Cairn terriers are considered amongst the most hardy and natural of all breeds.  However, as in other breeds, there a a few conditions that apply to Cairns which breeders and owners alike should make themselves aware.  The main diseases which have been identified are:-

  • Portosystemic Shunt (PSS or Liver Shunt)
  • Ocular Melanosis
  • Cranio Mandibular Osteopathy (Lion Jaw)
  • Epilepsy
  • Globoid Cell Leukodystrophy (Krabbe's Disease)
  • Heart Murmurs
  • Pigmentary Glaucoma
  • Luxating Patellas


PORTAL SHUNT (Aka: PSS, Liver Shunt, Portosystemic Shunt)


In Australia during the past few years, the condition known as Portal Shunt has been diagnosed in a very small number of cairns.  The Cairn Terrier Club of Victoria has formed a Health Watch Committee to further research the problem and keep records of affected Cairns.  I am fortunate to be the Chair Person of the Health Watch Committee and as such, offer help and support to anyone with a cairn who has a problem with this worrying disease.


Lochrin Cairn Terriers is committed to a screening program for every litter, and this is done when the puppies are between 7-8 weeks of age.  All testing is recorded on the Cairn Terrier Club of Victoria Data Base, and it is hoped that all responsible breeders will follow suit.



What is Portosystemic Shunt?


Commonly known as Liver Shunt or PSS, it is a condition where the normal flow of blood to the liver is diverted, (or "shunted") by a "portal vein", and is therefore not cleansed and detoxified by the liver before returning to the heart and pumped to the rest of the body.  A portosystemic shunt is therefore an extra blood vessel, which is an abnormality in the system, and consequently toxic substances enter the body directly.


What are the symptoms?


Unfortunately the symptoms can be vague and are not always obvious.  Different dogs may have varying degrees of the symptoms below, (or hardly any symptoms at all):

  • Puppies do not react well to anaesthesia, vaccinations and other drugs.
  • Puppies are often underweight and small in stature, (but not always).
  • Diarrhoea and/or vomiting regularly or occasionally.
  • Lethargic or "drunken" behavior, particularly after food.
  • Strange behavior such as head pressing, circling and/or disorientation.
  • Excessive drinking and urinating. (Often urinary tract infection).
  • Any of the above can be intermittent. (The dog is fine one day, but not the next).
  • Worst cases include temporary blindness, seizures and even coma.



What age are the symptoms first noticed?


The two most common stages in the puppy's life that can alert the owner of a PSS problem can be firstly when the dog is spayed/neutered, because the liver cannot metabolize the anesthetic/sedative agents to help eliminate them from the system.  Secondly, when puppies have grown older and are eating more high protein food, especially when changed to being fed a larger quantity, less frequently.  Some puppies have shown signs of the disease by 6 months but others, not until much older.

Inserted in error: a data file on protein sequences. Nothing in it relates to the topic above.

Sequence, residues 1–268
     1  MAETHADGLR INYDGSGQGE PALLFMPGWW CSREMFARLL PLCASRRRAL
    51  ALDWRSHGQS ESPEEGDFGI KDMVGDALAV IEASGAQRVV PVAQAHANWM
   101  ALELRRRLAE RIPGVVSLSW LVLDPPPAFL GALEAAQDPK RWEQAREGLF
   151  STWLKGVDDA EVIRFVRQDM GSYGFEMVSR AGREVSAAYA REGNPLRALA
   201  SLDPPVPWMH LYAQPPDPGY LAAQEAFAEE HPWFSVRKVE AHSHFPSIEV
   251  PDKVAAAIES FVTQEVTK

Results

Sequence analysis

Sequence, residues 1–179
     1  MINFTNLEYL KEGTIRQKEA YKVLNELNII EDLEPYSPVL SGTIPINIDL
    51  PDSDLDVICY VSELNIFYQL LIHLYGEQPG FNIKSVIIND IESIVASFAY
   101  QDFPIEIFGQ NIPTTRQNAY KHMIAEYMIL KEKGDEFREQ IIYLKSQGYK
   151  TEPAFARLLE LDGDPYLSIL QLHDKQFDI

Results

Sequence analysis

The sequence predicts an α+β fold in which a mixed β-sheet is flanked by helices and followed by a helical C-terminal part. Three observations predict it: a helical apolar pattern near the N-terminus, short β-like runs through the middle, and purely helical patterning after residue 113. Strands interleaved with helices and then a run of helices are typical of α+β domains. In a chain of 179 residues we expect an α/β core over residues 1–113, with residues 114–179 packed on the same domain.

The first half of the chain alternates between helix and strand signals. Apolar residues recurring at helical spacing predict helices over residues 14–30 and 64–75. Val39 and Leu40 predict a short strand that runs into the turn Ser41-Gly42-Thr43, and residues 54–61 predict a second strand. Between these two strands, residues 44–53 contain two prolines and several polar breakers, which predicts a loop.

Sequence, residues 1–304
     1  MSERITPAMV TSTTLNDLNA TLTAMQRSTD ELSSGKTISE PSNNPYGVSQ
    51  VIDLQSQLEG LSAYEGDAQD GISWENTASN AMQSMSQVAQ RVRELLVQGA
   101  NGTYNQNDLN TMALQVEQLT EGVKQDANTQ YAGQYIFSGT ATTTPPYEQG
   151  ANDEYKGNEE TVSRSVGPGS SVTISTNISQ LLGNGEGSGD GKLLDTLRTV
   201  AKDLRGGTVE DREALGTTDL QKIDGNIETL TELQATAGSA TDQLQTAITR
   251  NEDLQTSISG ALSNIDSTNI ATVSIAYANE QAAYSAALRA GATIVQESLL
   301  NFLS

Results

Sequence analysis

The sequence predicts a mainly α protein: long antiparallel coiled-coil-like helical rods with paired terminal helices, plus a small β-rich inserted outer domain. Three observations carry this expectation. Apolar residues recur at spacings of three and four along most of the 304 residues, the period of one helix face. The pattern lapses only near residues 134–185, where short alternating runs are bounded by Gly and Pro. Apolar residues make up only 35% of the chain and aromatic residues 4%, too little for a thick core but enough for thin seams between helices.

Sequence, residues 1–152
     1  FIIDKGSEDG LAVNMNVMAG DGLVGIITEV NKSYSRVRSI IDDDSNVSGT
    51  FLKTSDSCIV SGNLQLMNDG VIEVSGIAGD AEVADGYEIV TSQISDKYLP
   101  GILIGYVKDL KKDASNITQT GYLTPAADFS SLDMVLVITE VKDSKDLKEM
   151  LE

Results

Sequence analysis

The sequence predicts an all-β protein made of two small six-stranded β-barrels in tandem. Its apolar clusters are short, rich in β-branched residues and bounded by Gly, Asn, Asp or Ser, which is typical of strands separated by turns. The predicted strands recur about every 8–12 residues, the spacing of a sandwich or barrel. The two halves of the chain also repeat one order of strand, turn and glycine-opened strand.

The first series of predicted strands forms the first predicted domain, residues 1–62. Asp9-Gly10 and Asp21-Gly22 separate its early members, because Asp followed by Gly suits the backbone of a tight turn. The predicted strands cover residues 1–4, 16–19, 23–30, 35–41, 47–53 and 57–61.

Is the condition hereditary?


Herein lies the biggest challenge to Cairn Breeders today.  Reports from Europe, USA and UK Universities, where test matings and research have been undertaken, believe that the disease is hereditary.  They also believe that the genes involved are recessive, therefore needing two "carrier" parents to produce an affected puppy.  However, these genes are also plygenic, so because "groups" of genes are involved the mode of inheritance, at this stage, remains unknown.  Although unknown at present, it would be unwise to repeat a mating which resulted in an affected puppy.  The search for a DNA marker continues overseas, but is unlikely to offer an answer in the immediate future.


How is the disease treated?


Surgery is effective in 85% of cases.  Nowadays the Shunt is not closed off entirely, and a method has been devised which involves allowing a small amount of blood to pass through, therefore not causing pressure to the liver.  This surgery, however is very expensive, but many dogs have gone on to live normal, happy lives after it.  The prognosis for dogs managed by diet and medication is not as successful.  A low protein diet must be strictly adhered to and close veterinary monitoring maintained.  A dog managed this way may expect a lifespan of only 3-4 years.


What preventative steps are being taken?


Lochrin Cairn Terriers have all litters tested by means of a "Bile Acid Test"  which may be done when pups are 7-8 weeks of age. It should be noted that this test is an effective screening tool only.  It does not give a definite diagnosis, but rather an indication that further testing should be undertaken.  A young dog with high bile acid results would be considered highly suspicious.


This page is dedicated to Rosie, who taught us all.



Contact Details

Lyn Barclay
Gisborne, VIC, Australia
Email : [email protected]